For being such an accomplished screenwriter, Owen Wilson sure has a bad nose for scripts. 'Hall Pass' is as phony as they come -- a plasticine, high-concept sex comedy so far removed from human reason that you go beyond feeling sorry for the cast and start to hold them in open contempt. In a mere 105 minutes, the Farrelly Brothers work very hard to extinguish Owen Wilson's star power, kill Jason Sudeikis's movie career before it even starts, and paint the lovely Jenna Fischer an ungodly shade of Hulk Hogan orange. If 'Hall Pass' is even remotely indicative of modern sexual politics, a lifelong vow of chastity looks incredibly appealing right about now.

Take, for example, a scene in which Wilson's character verbally dresses down a barista. Family man Wilson's been given a "hall pass" by his frustrated wife (Fischer) -- a one-week break from all the commitments of marriage, including sexual fidelity. Because no one in this film behaves like an actual person, Wilson immediately starts chasing tail, specifically an Australian bombshell (Nicky Whelan) who works at his local coffee shop. This enrages her intensely jealous co-worker to the point where he finally speaks up when Wilson's ogling goes too far. Wilson gives him a verbal beatdown in return, meant to be hilarious, all about Wilson's superior social station in life (un-ironically delivered while wearing a Harvard T-shirt), but the scene only comes across as ugly and cruel.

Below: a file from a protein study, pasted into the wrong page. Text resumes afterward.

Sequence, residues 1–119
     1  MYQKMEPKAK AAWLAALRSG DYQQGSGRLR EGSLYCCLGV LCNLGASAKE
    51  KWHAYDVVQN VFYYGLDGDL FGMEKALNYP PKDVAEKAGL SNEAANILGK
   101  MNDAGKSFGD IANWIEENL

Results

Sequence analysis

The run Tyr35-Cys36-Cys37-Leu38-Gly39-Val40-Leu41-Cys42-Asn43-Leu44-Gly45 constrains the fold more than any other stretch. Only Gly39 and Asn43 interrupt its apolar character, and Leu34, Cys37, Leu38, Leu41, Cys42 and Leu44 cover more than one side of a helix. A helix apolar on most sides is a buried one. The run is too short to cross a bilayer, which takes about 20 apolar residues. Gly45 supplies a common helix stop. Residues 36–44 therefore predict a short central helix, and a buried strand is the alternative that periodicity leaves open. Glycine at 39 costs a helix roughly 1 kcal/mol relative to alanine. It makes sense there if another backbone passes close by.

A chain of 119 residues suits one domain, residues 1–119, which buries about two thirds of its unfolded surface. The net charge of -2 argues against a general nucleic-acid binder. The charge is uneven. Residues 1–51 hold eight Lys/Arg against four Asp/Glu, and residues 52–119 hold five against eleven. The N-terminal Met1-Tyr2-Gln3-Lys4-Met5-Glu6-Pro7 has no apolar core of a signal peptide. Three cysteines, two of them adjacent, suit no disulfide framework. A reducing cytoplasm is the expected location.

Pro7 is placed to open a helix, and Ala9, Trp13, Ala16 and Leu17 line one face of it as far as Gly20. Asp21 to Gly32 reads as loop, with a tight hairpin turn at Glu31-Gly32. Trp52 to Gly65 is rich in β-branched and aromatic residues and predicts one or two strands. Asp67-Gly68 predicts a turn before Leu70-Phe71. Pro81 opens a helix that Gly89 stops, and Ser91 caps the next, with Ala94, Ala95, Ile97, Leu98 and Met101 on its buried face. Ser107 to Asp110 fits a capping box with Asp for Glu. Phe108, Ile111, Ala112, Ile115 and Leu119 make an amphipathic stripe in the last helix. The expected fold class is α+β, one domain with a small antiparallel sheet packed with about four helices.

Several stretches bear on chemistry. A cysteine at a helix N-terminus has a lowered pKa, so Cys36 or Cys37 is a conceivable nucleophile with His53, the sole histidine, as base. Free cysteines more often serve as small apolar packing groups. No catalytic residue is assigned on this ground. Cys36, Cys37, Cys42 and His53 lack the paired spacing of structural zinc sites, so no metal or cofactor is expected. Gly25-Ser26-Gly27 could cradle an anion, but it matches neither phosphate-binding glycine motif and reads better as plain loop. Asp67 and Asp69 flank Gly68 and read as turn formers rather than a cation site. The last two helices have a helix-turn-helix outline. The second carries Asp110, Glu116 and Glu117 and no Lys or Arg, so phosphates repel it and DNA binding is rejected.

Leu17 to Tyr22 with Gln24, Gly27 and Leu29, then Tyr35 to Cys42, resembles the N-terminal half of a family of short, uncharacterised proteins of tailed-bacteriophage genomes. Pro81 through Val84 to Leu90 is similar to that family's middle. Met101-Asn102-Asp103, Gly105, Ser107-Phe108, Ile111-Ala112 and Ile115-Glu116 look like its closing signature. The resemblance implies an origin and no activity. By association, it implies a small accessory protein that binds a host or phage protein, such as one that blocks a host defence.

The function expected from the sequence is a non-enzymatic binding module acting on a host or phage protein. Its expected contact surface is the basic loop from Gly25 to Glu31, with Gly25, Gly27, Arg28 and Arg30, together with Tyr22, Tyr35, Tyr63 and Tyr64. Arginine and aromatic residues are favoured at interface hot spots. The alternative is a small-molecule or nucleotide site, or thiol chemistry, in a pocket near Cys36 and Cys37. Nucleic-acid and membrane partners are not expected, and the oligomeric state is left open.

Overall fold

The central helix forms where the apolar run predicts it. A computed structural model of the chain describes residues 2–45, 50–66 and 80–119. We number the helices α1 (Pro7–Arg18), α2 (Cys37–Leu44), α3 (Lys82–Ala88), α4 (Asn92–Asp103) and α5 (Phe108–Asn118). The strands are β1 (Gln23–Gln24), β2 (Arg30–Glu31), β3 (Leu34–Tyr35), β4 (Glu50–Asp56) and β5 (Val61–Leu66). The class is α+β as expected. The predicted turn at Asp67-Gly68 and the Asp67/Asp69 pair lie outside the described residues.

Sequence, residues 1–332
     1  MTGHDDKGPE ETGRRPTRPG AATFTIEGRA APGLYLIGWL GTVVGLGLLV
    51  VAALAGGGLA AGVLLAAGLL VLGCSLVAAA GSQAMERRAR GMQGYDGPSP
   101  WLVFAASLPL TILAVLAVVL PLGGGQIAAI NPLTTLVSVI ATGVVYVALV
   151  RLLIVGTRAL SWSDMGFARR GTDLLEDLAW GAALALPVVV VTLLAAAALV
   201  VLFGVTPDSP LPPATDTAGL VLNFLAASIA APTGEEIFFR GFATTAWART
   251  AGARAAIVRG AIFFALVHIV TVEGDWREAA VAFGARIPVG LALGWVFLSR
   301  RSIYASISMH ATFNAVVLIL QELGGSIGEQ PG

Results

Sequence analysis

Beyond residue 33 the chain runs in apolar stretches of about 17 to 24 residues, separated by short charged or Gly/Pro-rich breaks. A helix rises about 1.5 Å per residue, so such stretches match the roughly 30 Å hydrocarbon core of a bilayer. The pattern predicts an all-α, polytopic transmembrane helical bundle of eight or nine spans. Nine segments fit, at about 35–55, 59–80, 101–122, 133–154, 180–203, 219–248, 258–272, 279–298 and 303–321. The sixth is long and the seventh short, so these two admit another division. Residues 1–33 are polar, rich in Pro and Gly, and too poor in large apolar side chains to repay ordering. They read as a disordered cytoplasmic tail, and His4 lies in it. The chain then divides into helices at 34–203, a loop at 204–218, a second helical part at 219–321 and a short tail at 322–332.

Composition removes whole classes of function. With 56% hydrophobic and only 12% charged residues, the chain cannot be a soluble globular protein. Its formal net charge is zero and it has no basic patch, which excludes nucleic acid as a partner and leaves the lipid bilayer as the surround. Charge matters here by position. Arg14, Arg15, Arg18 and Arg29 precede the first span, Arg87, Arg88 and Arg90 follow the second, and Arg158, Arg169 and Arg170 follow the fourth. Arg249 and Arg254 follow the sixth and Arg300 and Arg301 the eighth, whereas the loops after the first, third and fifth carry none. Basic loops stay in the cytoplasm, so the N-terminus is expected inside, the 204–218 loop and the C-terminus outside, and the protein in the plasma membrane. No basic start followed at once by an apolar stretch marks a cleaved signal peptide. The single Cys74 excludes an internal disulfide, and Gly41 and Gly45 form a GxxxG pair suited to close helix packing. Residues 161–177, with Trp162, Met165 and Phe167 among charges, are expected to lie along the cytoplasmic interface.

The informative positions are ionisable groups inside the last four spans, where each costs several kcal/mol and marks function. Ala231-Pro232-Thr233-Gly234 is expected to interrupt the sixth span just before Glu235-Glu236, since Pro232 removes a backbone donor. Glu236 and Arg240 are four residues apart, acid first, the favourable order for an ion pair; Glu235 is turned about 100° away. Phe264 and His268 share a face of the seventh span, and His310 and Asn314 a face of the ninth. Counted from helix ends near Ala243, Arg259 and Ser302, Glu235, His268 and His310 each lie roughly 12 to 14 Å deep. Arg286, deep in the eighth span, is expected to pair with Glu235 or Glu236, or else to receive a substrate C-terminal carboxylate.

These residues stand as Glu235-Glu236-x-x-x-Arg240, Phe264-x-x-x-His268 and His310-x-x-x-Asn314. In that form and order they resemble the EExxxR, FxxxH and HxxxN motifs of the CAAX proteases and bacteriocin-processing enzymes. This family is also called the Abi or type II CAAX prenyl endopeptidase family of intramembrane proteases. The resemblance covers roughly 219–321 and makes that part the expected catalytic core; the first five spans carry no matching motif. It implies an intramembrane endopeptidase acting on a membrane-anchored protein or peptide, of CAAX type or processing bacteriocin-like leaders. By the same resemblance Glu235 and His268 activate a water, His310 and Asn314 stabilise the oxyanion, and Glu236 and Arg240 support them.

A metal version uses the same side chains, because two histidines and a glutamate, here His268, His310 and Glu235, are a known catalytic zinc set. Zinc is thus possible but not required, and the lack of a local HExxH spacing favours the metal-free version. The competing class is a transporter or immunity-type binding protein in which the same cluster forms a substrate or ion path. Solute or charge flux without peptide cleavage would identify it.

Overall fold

Point of fact, Wilson's character is so unlikable in the film that next to nothing works. Scenes intended to be heart-warming and genuine are instead desperate and pathetic. Moments that are supposed to be rowdy and sexy feel juvenile and limp. Not helping matters is Jason Sudeikis, as vanilla an SNL performer as you're likely to find, tagging along, not playing a character, but an archetype -- the loutish best friend. Wilson may be unlikeable, but Sudeikis is his cardboard clone, with all of the caveman brain and not a single ounce of Wilson's overreaching energy.

'Hall Pass' is exactly the kind of inorganic comedy in which characters behave the way the script needs them to behave at any given moment, regardless of rhyme or reason, in service of tired gags and crass product placement. Neither man seems lascivious enough to earn his hall pass in the first place, but once they have them, these grown men can't wait to screw as many women as possible. Fischer, along with Christina Applegate, practically wasted as Sudeikis's wife, behaves just as irrationally as the men do. Not because it fits their characters (such as they are), but because the Farrellys' idea of politically correct, fair-is-fair sexuality means everyone acts like a foolish, horny teenager. There are no good, decent people here, only selfish, idiotic ones.

Technical issues also plague this amateur hour. Out-of-focus shots, badly Photoshopped props and grossly inconsistent hair and makeup turn an ugly script into an ugly movie. These vital elements of filmmaking are usually invisible, and to see them botched in a studio film means a whole lot of someones weren't paying attention. Poor Jenna Fischer's skin and hair are the same exact color. Apparently, the artificial heart of 'Hall Pass' only pumps self-tanning lotion.

Have the Farrellys lost their touch? Once adept at crafting trashy, lowbrow gags way too funny to be ignored, they seem totally tin-eared with 'Hall Pass.' Nobody, not even the directors, believe in the work they're doing here. Who can blame them? It's hard to blame anyone for not giving their all to something so aimlessly witless.
CATEGORIES Reviews, Cinematical